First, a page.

Female community health workers attend a class in the Bardiya District Hospital in Bardiya, Western Nepal. Photo credit: Suzanne Lee/Save the Children.
Save the Children works with district health offices to build the capacity of female community health workers who are on the frontline of health service provision like ante-natal and post-natal care in Nepal. They also work with communities to reduce child marriage and teenage pregnancy especially in rural areas.
In Nepal, Banas Ram and his wife Khetrani were blessed with a baby boy after 20 years of marriage but their happiness had a complicated twist. Khetrani was brought to the hospital in a bullock cart from her village almost an hour away from the health post in Dhodari in Bardiya district. Her baby had suffocated and the placenta had already detached.
Auxiliary Nurse Midwife Pushpa and Jhamkali, Maternal and Child Health Worker helped her give birth but the baby was not breathing. While Pushpa worked on saving the mother, Jhamkali started cleaning the baby’s wind pipe. After being assured that the mother would live, Pushpa and Jhamkali started resuscitating the baby. They didn’t give up: after 35 minutes the baby final started breathing and crying. The two health workers immediately called an ambulance to avert any danger to the baby. Pushpa went along with the mother and father to the Bheri Zonal Hospital, the biggest hospital in the region at 1 in the morning, admitted the baby at the Neonatal Intensive Care Unit to make sure that the baby got the best possible chance at living. This is why Save the Children Nepal is campaigning skilled health workers, in every village so that ever baby born has an equal chance of surviving.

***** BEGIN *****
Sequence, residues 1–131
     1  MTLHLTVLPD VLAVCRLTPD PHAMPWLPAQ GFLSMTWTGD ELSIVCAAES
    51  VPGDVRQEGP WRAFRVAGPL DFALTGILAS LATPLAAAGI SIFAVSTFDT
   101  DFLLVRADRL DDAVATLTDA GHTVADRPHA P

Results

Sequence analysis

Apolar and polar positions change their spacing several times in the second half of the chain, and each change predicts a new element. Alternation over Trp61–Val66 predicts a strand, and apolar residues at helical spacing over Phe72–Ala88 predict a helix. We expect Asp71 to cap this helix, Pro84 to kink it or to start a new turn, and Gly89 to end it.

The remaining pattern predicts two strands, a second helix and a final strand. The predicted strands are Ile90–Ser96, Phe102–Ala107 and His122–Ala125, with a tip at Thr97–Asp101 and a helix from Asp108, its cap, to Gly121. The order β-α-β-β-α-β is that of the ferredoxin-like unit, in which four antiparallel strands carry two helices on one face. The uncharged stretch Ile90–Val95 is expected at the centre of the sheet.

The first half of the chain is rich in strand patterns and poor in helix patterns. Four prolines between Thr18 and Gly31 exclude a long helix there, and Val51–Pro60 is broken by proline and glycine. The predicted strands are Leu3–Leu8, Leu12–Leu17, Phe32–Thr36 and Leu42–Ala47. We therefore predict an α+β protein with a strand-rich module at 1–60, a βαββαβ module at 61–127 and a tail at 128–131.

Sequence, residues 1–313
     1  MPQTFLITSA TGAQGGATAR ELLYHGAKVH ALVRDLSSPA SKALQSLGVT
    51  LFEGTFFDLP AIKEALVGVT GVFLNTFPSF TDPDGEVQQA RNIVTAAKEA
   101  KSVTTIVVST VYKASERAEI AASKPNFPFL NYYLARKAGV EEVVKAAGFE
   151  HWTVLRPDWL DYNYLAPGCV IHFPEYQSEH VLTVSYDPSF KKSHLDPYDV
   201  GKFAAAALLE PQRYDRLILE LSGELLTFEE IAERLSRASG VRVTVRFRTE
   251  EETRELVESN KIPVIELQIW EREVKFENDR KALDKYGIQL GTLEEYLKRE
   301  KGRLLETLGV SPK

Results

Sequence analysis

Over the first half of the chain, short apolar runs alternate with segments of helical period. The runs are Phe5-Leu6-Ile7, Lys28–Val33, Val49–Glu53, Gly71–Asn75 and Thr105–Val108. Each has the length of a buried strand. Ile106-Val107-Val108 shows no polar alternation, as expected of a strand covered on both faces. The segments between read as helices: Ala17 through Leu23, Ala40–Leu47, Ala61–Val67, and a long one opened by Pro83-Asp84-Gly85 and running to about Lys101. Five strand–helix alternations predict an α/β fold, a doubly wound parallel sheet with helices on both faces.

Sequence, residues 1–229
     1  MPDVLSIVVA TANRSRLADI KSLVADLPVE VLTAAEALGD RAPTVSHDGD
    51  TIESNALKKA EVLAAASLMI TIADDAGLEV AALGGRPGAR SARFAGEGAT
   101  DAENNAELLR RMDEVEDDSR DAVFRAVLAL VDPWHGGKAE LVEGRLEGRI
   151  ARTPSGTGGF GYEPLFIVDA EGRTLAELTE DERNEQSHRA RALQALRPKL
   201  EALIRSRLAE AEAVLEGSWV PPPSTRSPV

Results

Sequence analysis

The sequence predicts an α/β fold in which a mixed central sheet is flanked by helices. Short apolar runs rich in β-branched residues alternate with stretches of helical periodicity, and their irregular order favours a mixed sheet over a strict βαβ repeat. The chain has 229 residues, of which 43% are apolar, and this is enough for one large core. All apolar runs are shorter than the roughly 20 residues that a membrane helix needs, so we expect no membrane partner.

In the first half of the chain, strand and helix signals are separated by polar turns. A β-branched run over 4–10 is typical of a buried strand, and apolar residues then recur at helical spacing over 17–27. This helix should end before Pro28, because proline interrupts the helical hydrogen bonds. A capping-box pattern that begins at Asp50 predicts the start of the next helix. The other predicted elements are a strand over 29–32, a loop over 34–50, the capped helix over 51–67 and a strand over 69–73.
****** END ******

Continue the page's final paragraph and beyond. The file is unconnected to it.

|Neonatal mortality rate (per 1,000 live births) (2011)||27|
|Under-five mortality rate (per 1,000 live births) (2011)||48|
|Maternal mortality ratio (per 100,000 live births) (2010)||170|
|Number of doctors, nurses and midwives per 10,000 people (2010)||2.1|
|Births attended by skilled personnel (2011)||36%|
|Total expenditure on health as a percentage of gross domestic product (2011)||5.4%|
|General government expenditure on health as a percentage of total expenditure on health (2011)||39.3%|
Although many essential services in Nepal are nominally free of charge, particularly to poor and marginalized groups, there is evidence of inadequate resources to meet demand, and out-of-pocket payments constitute 62% of total health expenditure.
As a low-income country with predominantly rural population, communicable diseases remain the greatest challenge, although their burden is declining. Furthermore, Nepal has made good progress towards reducing maternal and infant mortality, and is on track to meet both MDG 4 and 5.
However, availability of physicians, nurses and midwives is still low, and with limited likelihood of scaling up to meet indicative thresholds by 2035. Community health workers play an important role in the provision frontline of health services such as ante-natal and post-natal care. There may also be challenges in acceptability with only a quarter of female physicians and a ratio of nurses to physicians below the OECD average. Regulation and accreditation mechanisms are in place through the various health professional councils. However, the evidence points to challenges in motivation, retention and performance of the health workforce, which the current HRH Strategic Plan (2011-2015) is attempting to address.
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